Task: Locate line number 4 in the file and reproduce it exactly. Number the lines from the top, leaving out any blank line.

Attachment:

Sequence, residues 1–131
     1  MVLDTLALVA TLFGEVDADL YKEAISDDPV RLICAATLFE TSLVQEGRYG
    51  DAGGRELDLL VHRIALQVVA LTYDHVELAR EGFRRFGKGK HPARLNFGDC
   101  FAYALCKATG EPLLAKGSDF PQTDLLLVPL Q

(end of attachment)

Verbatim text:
   101  FAYALCKATG EPLLAKGSDF PQTDLLLVPL Q